9 November , 2020 — Counter Currents
by Bharat Dogra
Vaccines have performed an important role in improving public health and saving human lives. All the scientists, labs, manufacturers and medical personnel who contributed to this deserve our deepest thanks and gratitude.
However in recent years a different role of vaccines started emerging– vaccines as a source of huge profits. Things became more worrying when this role of vaccines started clashing with the role of vaccines as public health and even appeared to be superseding it.
When vaccines are treated only as means of public health then scientists, approving authorities and manufacturers are most careful about introducing vaccines for only those diseases in the case of which their need and effectiveness is well-established and when it has been confirmed, after following all the established procedures properly, that risks and side-effects are least.
On the other hand when vaccines are considered more predominantly as sources of profit then all these very important considerations of care and caution may be neglected to varying extents in the hurry to earn quick profits and super profits.
In this context let as look at some recent experiences, particularly that of oral polio vaccine.
Recent research in India has thrown up the highly disturbing fact that as a result of the arbitrary misuse of technology and undue influence by powerful sections, as many as 491000 children in India were afflicted by non-polio acute flaccid paralysis ( NPAFP) over a 17 year period 2000-2017, a tragedy that was almost entirely avoidable if the required care was taken to ensure the safety. While these children lived in various states of India, perhaps the highest number of afflictions were in Uttar Pradesh and Bihar. NPAFP is described in a research paper as “clinically indistinguishable from polio paralysis but twice as deadly.” Several of these children who suffered from this affliction later died. (R1)
The tragic story starts in the late eighties when the world was preparing to embark on a campaign against poliomyelitis (polio) disease. At that time there were 350,000 cases in around 125 countries, affecting children under 5 years of age. 1 in 200 infections led to irreversible paralysis. Among those who suffered paralysis, 5 to 10 per cent died.
It was decided that instead of the more expensive and safer vaccine used in rich countries, oral vaccine will be used in this campaign which was mainly in developing countries like India. However there was a curious, suspicious start as the existing capacity to produce oral vaccine within India was sabotaged. Now India became entirely dependent on imports. Soon it was seen that there was a pressure to concentrate the country’s scarce health resources on just one program of oral polio vaccine and what is more the rounds of giving oral dose were increased like never before so that some experts feared that vaccine much in excess of safe limits was being given to children. On the one hand a safer alternative had been rejected on the plea that oral vaccine was cheaper but now we were being asked to administer such high doses that even safety limits were being crossed while the expenses were increasing. We were being asked to pay more for harming our children! It was around the same time it was seen that the number of cases of NPAFP started increasing much beyond the expected norm. (R1)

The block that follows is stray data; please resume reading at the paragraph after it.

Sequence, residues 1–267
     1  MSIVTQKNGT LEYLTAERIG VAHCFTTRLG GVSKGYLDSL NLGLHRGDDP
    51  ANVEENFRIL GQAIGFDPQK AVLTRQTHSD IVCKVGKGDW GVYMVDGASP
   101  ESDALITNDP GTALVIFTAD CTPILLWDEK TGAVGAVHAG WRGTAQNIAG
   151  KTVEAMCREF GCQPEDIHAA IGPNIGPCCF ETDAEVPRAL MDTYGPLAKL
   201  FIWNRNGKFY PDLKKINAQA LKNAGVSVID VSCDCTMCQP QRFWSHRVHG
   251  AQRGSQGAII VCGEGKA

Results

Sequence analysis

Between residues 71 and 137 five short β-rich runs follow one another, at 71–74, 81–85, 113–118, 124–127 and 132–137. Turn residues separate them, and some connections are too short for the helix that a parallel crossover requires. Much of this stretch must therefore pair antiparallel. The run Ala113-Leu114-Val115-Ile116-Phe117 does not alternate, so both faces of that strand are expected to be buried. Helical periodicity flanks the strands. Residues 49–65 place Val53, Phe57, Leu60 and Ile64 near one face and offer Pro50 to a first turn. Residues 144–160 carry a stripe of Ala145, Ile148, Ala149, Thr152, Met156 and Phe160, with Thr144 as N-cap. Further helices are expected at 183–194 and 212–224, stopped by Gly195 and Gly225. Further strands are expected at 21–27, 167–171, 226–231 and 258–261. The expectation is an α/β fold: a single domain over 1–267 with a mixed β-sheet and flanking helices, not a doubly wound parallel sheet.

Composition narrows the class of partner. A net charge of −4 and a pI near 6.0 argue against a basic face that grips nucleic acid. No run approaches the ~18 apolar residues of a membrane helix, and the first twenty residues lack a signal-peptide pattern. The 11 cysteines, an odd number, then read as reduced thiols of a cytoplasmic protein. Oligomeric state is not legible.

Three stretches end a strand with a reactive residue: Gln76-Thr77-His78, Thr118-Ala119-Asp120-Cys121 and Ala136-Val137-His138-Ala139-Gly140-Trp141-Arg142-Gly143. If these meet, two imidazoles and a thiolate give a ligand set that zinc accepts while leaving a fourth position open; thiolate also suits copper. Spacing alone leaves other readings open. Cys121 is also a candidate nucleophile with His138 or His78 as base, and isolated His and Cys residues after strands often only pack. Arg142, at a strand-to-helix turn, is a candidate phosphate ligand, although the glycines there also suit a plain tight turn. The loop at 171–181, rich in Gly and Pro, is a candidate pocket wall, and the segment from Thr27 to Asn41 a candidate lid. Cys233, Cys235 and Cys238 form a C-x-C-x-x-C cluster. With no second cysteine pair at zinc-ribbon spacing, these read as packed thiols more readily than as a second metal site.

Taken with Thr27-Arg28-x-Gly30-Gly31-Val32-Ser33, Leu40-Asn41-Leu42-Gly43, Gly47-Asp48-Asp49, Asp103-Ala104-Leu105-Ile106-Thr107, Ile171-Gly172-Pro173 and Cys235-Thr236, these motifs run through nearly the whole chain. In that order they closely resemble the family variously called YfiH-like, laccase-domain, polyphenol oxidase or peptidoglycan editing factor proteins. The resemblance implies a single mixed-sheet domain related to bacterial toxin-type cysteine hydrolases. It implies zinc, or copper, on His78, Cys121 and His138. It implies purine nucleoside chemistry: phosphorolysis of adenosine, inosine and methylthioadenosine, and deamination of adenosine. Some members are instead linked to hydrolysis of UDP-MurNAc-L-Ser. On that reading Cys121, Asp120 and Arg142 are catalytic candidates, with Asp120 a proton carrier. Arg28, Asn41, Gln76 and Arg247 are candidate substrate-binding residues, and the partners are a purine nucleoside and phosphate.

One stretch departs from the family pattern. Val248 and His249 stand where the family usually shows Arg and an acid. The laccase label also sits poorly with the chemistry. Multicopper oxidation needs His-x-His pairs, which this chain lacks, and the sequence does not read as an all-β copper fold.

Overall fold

The situation worsened with the introduction around 2005 of a high-potency monovalent vaccine that contained five times the number of type 1 viruses compared to those contained in the previously used vaccine. With this new introduction the number of cases of NPAFP started increasing even more rapidly. The extra cases were sometimes five to six times of the expected number. In a single year the number of extra cases could go up to 40000 or even 50000.(R1)
It was by counting the number of such cases that the children afflicted by NPAFP ( extra cases above expected norm) has been estimated at 491000 over the period 2000-17 in India alone. (R1)
Meanwhile similar disturbing reports were coming in from other countries as well.
A question is—if the number of NPAFP cases is 491000 in India alone, what is the total number of afflictions in all the countries where similar methods were used.
While there are several reports and research papers on this , the most comprehensive and discussed paper was published in the reputed International Journal of Environment Research and Public Health on 15 August, 2018. This paper is titled Co-relation between Non-Polio Acute Flaccid Paralysis Rates with Pulse Polio Frequency in India. This paper has been written by Rachana Dhiman, Sandeep C. Prakash, V. Sreenivas and Jacob Puliyal. The last mentioned author in particular has made an outstanding contribution to unearthing this evidence. The estimate of 491000 extra afflictions is taken from this paper which has presented a table on afflictions for each of the 17 years. There was first a big increase in extra NPAFP cases and later, when pulse polio was greatly reduced or stopped, a decrease in extra NPAFP cases. This paper concludes, “ Our findings suggest that increase in NPAFP ( and a later decrease in such cases) was indeed an adverse effect of the pulse polio immunization programme.”(R1)
Other researchers who have contributed much to the understanding of this tragedy include S. Sathyamala whose analysis for Uttar Pradesh data revealed that mortality rate for patients with NPAFP was twice the mortality rate for wild polio. A study of M.A.Gupta and J.A Mathew ( with Puliyel) revealed that in 2005 when one-fifth of the cases were followed up at 60 days in Uttar Pradesh, 8.5 per cent of them had died and 35 per cent were found to have been left with residual paralysis. Yet another study by N.Vashisht and P.Sreenivasan (with Puliyel) revealed that NPAFP rate increased sharply when more than six rounds of pulse polio were used in a year. They mentioned the likely possibility that repeated doses of the live vaccine virus delivered to the instentine may colonize the gut of the child and alter the viral microbiome of the instentine, and this can result in strain shifts of entero-pathogens. It is possible, they said, that the new neurotropic enteroviruses colonizing the gut may induce paralysis.